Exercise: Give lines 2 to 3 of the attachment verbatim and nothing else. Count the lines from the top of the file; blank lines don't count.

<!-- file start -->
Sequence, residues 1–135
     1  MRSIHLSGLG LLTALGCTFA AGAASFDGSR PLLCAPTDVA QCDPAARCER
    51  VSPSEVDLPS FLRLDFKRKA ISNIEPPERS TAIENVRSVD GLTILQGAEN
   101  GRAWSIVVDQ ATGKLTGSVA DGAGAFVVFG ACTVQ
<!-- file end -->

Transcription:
     1  MRSIHLSGLG LLTALGCTFA AGAASFDGSR PLLCAPTDVA QCDPAARCER
    51  VSPSEVDLPS FLRLDFKRKA ISNIEPPERS TAIENVRSVD GLTILQGAEN